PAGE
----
By Joe Linstroth / Illustration from iStock/Liana Monica Bodei

Negotiations are some of the more uncomfortable human interactions we can face in life. There is often a lot at stake. Confrontation may be required to get what you want. Your information may be incomplete, and the person with whom you’re negotiating could be unprincipled or have the upper-hand or both. Negotiations also are not limited to the financial or business spheres. Consider the haggling that happens in a marriage, or in parenting a child, or even in trying to plan a vacation with friends or family.

To help prepare students for business and life, Karl Egge Professor of Economics Joyce Minor ’88 employs self-evaluations and simulations in her course Business Negotiations to push students out of their comfort zones and into the real world, where both “saints” and “snakes” live.

Q: How does one set themselves up for success in a negotiation?

A: I have students do a self-evaluation to help them understand what their negotiating style is. You can simplistically categorize people into two kinds of negotiators: Are you a saint, or are you a snake? Someone who’s very Minnesota Nice, who’s very accommodating, perhaps uncomfortable with conflict—that’s a saint. Compare that to someone who has a very hard-nosed, tough negotiating style, where they’re more demanding than accommodating and perhaps even comfortable with deception—that’s a snake. If you understand your own negotiating style, as well as that of your counterpart, it may change how you think about the negotiation and how you prepare for it.

Q: What are some of the most challenging scenarios in negotiation?

A: A really difficult situation in negotiating is when you have the sense that your counterpart has better information than you do. If you’re in that position, you definitely don’t want to throw out the first offer. You want the other side to throw out the first offer because yours is probably based on incomplete information. I would also advise that you try to ping for information, meaning to test assumptions that you have and see if you can get the other side talking so that you can learn some of what they know.

Q: What mistakes can scuttle a negotiation?

A: We talk a lot in the course about the “ten dirty tricks” of negotiating (as described in the classic text Getting to Yes: Negotiating Agreement Without Giving In) and how to diffuse them. Being aware of and listening for those dirty tricks and being ready to handle them is very useful.

Q: Do you have a favorite “dirty trick” that you’ll admit to using sometimes?

A: Yes, but it’s not a particularly evil one! Let’s say you’re the person whose position already exists and someone’s trying to negotiate you out of that position. Stonewalling—which is basically refusing to engage because you’re in the position you want to be in—can be an effective tactic short-term. But usually your counterpart will recognize what you’re doing eventually, and if the relationship matters to you, you’ll have to come to the table and work something out.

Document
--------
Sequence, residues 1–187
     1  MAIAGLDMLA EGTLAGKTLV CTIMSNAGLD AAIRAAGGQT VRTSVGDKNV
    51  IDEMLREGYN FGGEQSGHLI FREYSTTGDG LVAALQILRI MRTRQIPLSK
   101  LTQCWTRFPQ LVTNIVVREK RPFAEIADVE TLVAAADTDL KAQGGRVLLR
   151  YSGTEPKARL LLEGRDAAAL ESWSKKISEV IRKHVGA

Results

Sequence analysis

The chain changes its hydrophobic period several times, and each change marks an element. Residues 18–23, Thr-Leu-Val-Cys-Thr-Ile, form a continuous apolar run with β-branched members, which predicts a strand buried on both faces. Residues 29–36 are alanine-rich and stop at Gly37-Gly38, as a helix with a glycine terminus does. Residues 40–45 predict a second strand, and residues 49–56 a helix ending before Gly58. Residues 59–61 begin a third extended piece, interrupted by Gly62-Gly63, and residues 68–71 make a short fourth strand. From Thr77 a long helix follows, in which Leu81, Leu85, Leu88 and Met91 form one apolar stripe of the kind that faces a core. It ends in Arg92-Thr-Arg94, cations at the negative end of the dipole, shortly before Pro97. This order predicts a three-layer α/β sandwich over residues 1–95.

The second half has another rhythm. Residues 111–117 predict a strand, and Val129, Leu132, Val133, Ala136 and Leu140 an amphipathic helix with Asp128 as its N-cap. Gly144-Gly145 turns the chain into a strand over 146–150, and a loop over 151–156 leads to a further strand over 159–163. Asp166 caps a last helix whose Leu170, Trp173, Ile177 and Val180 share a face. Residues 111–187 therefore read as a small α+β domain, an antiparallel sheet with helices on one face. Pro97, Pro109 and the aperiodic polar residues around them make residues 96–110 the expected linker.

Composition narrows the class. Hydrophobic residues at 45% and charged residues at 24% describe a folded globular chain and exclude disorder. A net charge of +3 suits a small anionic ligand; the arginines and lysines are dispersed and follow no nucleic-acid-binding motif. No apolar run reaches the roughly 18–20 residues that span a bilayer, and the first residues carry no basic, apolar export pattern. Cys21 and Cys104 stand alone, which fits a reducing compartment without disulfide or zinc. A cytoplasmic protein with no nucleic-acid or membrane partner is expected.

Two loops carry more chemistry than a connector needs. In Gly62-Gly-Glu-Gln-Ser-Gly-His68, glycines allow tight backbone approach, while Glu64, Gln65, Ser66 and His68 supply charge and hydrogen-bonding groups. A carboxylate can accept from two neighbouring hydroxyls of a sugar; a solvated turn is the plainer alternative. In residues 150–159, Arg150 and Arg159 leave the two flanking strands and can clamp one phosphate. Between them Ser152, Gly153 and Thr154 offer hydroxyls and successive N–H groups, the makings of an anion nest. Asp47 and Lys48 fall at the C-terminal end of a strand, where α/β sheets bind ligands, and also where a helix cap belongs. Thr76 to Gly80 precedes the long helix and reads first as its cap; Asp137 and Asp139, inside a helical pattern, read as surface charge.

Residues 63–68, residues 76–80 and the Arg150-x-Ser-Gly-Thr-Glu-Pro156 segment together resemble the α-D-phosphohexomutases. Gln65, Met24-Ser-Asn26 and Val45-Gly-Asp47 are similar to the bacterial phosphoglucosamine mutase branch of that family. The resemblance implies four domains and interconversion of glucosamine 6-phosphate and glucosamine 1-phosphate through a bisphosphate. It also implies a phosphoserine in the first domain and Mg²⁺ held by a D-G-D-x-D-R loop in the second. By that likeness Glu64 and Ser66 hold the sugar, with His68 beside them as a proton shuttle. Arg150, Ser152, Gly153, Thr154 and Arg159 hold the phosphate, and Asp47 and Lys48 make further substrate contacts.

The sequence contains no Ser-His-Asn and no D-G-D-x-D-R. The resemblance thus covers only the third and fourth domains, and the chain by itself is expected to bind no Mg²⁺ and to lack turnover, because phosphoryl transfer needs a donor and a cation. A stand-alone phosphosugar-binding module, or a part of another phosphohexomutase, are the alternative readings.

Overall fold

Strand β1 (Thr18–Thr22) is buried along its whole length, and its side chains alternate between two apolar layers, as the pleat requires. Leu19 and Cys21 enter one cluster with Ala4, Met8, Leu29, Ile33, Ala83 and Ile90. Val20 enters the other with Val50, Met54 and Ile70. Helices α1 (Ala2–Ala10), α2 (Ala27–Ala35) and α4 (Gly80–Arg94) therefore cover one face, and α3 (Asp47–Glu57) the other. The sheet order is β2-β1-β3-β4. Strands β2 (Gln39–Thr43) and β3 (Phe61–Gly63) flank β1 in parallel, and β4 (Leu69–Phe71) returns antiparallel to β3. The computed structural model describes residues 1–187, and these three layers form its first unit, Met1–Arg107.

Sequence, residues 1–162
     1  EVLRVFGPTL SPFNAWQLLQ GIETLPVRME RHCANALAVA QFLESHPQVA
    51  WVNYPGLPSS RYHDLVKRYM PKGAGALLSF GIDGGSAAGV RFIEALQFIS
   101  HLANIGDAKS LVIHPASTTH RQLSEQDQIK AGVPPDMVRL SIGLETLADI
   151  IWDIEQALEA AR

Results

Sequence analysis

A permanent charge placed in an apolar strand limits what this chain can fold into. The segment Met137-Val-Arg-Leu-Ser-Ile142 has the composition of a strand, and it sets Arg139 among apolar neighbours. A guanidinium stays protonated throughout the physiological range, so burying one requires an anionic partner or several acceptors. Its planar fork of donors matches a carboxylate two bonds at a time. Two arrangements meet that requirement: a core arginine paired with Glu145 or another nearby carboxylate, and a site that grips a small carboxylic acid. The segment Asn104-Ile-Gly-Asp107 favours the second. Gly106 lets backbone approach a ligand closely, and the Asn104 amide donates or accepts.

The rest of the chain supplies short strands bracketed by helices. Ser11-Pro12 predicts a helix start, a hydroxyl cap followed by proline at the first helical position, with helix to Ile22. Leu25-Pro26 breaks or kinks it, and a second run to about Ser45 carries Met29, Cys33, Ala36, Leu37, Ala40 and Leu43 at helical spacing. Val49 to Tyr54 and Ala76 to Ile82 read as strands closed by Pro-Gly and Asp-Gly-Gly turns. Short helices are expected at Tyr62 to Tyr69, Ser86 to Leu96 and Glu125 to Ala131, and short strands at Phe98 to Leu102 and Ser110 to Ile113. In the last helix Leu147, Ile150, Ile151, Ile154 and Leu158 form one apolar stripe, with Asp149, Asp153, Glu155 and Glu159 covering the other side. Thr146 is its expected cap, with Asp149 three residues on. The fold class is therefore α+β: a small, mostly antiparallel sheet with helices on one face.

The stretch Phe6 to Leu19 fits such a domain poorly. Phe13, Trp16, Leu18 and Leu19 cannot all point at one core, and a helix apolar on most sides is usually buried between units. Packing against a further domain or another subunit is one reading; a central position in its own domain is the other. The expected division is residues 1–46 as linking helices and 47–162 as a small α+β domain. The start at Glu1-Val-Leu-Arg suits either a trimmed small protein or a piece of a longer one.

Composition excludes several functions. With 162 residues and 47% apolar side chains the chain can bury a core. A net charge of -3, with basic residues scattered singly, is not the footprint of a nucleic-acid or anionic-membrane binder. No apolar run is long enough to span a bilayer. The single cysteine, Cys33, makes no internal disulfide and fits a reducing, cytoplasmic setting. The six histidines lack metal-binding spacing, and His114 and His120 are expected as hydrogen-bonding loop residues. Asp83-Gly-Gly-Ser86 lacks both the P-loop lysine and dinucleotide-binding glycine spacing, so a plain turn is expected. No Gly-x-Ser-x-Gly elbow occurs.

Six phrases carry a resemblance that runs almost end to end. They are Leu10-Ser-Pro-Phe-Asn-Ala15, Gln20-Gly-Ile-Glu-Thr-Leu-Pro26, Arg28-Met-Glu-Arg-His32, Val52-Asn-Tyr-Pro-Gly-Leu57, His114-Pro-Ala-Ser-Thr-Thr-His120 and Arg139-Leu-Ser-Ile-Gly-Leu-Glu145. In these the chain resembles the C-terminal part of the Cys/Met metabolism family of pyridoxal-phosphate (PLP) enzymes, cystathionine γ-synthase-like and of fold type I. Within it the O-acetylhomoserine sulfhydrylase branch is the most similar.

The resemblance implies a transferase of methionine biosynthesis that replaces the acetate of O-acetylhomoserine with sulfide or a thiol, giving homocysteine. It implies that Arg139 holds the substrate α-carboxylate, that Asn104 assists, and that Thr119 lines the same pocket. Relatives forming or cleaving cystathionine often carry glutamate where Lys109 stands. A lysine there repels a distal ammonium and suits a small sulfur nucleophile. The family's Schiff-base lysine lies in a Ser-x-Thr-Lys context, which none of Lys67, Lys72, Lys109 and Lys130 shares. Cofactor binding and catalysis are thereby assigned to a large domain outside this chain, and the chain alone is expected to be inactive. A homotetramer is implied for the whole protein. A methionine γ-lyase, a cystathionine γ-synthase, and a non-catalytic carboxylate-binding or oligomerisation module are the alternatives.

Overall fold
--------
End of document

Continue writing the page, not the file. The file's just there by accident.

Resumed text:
Q: How do you teach students to respond to a “dirty trick”?

A: We talk about how you don’t want to respond in kind. Instead, call it out and let the person know that you see what they’re doing and then question them as to whether that’s really how they want to go about the negotiation. Calling something out like a personal attack and putting a name to it can help diffuse a dirty trick. If that doesn’t work, then we talk about “going to the balcony,” which means pausing the negotiation until cooler heads can prevail. As a last resort, you can go to your BATNA (Best Alternative to No Agreement), or your back-up plan, and walk away from the negotiation.

Q: You do negotiation simulations every week in class. Why is that?

A: Negotiating is one of those subjects that you have to actually do to learn, somewhat like parenting. You can read all the parenting books in the world, but if you have never actually parented a child, you don’t know how to do it. You learn by doing. So in the Business Negotiations course, every week, half the students get one side of a case or a scenario, and the other half get the other side and they negotiate against each other in pairs or in groups. Then we come back and debrief, and you’ll see the whole range of solutions. Someone may have sold the property for $30 million, for example, and someone else for $50 million. And we try to understand what dynamics occurred that allowed for such different outcomes.

Q: You had a long career on Wall Street before coming back to Mac. How do you incorporate that experience into your course?

A: I tell a lot of stories about all the mistakes I’ve made so they can learn from them! For example, when I got my job offer from Lehman Brothers and they told me what the salary range was, I said, “Great, I’d be comfortable at the lower end of that range.” And so they gave me the lower end of the range, which felt like a lot to me. But what I tell students is, “Don’t do that! Listen in your negotiations, ping for information, try to find out what something is worth to the other side. Don’t just be happy with the first number that’s thrown out.”

Joe Linstroth is director of media relations and public affairs.

July 18 2023

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